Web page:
Okapi National Park
Okapi National park is a World Heritage site located in the north east of the Democratic Republic of Congo in the Ituri forest. Ituri forest is a large rainforest in the Ituri Province of Congo. There are about 26 provinces in Congo and Ituri is one of them with Bunia as the capital city. This forest derives its name from the Ituri River that flows all the way from the Aruwimi River pouring into Congo. This rainforest covers an area of 63,00 square kilometers with an average humidity of about 85% of the average temperature of 31 degrees C. Okapi wildlife reserve covers a fifth of this rain forest. This rain forest is also home to the Mbuti pygmies that are famously known for their hunting and gathering skills. They are usually found living in the equatorial rainforests of Africa. Pygmies are usually identified by their short height and short body features of about one and a half meters on average. Ituri rainforest also borders Uganda and South Sudan and is on the western side of Lake Albert.
Okapi Wildlife Reserve is the home to the Okapis about 5,000 okapis have been spotted in the reserve along with about 2,000 leopards, 4,000 elephants, chimpanzees, forest buffalos, and crocodiles that enjoy the several riverbanks of the rivers crossing through this reserve like the Ituri river, Epulu and Nepoko rivers. The Okapi Wildlife reserve also has about 300 bird species in its territories and is one of Africa’s recognized as important bird sites for conservation. This reserve was created in 1992 under the Okapi conservation project, a non-profit organization and was added on the list of World Heritage Sites in danger in 1997 mainly because of the deforestation in the area, and hunting of animals for bushmeat. The Okapi conservation project supports the reserve in a way that they are responsible for the training and equipping of the rangers and guards of the reserve so as to serve the reserve and the neighboring communities of the reserve. This part of the country has also had its share of fights that have seen the staff of the forest flee and put the conservation efforts on hold as of 2005. Okapi National park not only has the country’s national animal but also has some great flora like the Mangongo tree whose leaves are usually used by the pygmies to build their homes.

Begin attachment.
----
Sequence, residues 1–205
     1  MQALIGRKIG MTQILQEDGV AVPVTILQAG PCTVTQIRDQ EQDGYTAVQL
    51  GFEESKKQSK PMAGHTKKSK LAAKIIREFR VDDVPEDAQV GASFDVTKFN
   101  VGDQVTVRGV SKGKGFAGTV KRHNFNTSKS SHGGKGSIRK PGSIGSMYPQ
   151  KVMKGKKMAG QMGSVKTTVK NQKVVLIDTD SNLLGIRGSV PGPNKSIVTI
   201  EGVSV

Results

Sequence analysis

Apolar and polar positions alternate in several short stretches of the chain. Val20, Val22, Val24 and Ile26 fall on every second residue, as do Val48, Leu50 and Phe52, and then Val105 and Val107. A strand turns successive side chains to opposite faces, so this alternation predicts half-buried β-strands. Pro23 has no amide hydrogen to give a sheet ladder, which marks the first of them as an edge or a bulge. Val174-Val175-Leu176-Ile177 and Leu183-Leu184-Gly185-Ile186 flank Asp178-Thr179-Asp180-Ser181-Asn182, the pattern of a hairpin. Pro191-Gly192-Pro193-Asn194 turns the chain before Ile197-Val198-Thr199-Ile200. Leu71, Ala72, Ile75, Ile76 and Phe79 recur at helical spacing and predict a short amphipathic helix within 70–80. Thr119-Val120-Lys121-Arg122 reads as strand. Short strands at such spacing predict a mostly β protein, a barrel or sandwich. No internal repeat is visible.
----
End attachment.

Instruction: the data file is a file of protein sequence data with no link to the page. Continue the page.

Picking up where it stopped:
The Ituri rainforest harbors the Okapi which is the national animal of Congo. The Okapis is also known as the forest giraffe/ zebra giraffe and the Congolese giraffe. The okapi is from the family of the Giraffidae along with the giraffe and are the only living ones of this family. The Okapi is a dark striped animal that has close resemblance with the giraffe but with markings similar to those of zebras. According to the International Union for the Conservation of Nature and Natural Resources, the Okapis are categorized under the threatened/ endangered species. The Okapi is a 4.9 feet tall animal with an average weight of about 200 to 350 kgs and a body length of 8.2 feet. They are day animals but may be active in the night hours as well. They are also strictly herbivores that feed on leaves, tree barks, and shoots, fruits, grasses, and ferns. Okapi tends to stay in forests at high altitudes of 1600 to 4,900 feet. This is an endemic species of the Democratic Republic of Congo and can be seen in the Okapi National Park and the Maiko National park and also in the river basins of Rubi, Ubangi, and Lake Tele. It was also once spotted in the Virunga National Park in 2008.
Okapi national park is governed by the Congolese Institute for Conservation of Nature (ICCN) and is also where the Epulu Conservation and Research Centre that gives the harmed Okapis another chance at life and was founded in 1928 by an American anthropologist Patrick Putnam and also a lot of research is carried out at this facility. This facility obtained its name from the Epulu river of the Ituri forest.